In the Spring of 2020, the first public disclosures of energy and carbon reporting will be released by all relevant businesses in line with Streamlined Energy and Carbon Reporting (SECR) regulations.
If you run a medium or large business in the UK then it is likely this will is the first time you will have had to report your emissions. However, SECR regulations have been designed by the government to simplify and consolidate the existing regulations on energy and carbon compliance.
Do I need to comply?
If your business is already obliged to report under Mandatory Greenhouse Gas Reporting regulations, then it will also be required to comply with SECR.
One of the key features of SECR is a more substantive approach towards which companies are ‘large’ enough to comply. Indeed, SECR will implement mandatory reporting on both quoted and unquoted ‘large’ companies.
A quoted company refers to a company that has shares listed on the stock exchange. An unquoted company is a publicly-traded company that was previously traded on the stock exchange but is no longer.
The definition of ‘large’ used by the government in these regulations has been taken from the 2006 Companies Act. A business is ‘large’ if two of the following three requirements are met:
- It has more than 250 employees;
- It has an annual turnover of more than £36 million.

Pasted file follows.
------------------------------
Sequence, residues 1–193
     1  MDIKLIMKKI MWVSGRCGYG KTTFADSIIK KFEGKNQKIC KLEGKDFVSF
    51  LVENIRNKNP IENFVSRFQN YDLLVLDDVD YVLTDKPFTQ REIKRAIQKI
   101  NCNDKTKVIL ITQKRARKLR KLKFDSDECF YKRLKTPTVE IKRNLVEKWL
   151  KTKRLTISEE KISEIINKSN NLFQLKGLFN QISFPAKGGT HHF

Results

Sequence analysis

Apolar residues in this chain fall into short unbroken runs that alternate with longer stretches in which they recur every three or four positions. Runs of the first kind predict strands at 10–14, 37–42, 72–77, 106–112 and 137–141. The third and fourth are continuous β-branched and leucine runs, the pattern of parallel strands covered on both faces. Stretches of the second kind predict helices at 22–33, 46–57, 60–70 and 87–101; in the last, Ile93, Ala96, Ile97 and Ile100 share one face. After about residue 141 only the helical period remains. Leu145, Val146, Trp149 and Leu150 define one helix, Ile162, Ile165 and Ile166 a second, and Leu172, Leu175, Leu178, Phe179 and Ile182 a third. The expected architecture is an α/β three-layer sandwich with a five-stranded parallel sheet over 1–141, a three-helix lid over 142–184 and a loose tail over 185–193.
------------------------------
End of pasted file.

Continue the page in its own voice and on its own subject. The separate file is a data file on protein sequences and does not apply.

- It has an annual balance sheet total of more than £18 million.
Subsidiary companies registered with Companies House in the UK will have to comply with SECR if they are a ‘large’ company. However, they will not have to comply if their information is included in the report of their parent company.
SECR, as it stands now, only applies to the private sector (it is worth noting, however, that it will also apply to private ventures or activities undertaken by universities, academies or NHS trusts as well as not-for-profit or otherwise public ventures pursued by registered companies). However, companies in the public sector will already have their own carbon and energy reporting regulations.
Complying with the government’s new SECR framework is required by law. Non-compliance, for the businesses that meet the requirements, is no longer an option.
Although this is an extremely compelling reason to comply, there are also many reasons why a business should voluntarily comply:
- Carbon and energy reporting can lead to the development of healthy business attitudes. SECR is concerned deeply with efficiency and businesses could benefit from data-tracking and understanding their entire business process.
- According to Ashby Monk, the Executive Director and Research Director of Stanford University’s Global Project’s Centre, there may be an economic benefit from going green. Ashby’s report – which you can access here – concluded that, regardless of government incentives, there is a high profitability to investing in carbon-efficient firms.
- Climate change is not going away. Companies that stride forward and voluntarily display their emissions in an attempt to reduce them will benefit from a strong public perception.
The government’s new SECR framework is an overwhelmingly positive move towards a more sustainable approach to business. Large businesses have a responsibility to be transparent about their emissions.
Transparency is the first step towards lasting change and, this spring, will be an important moment in the fight against climate change.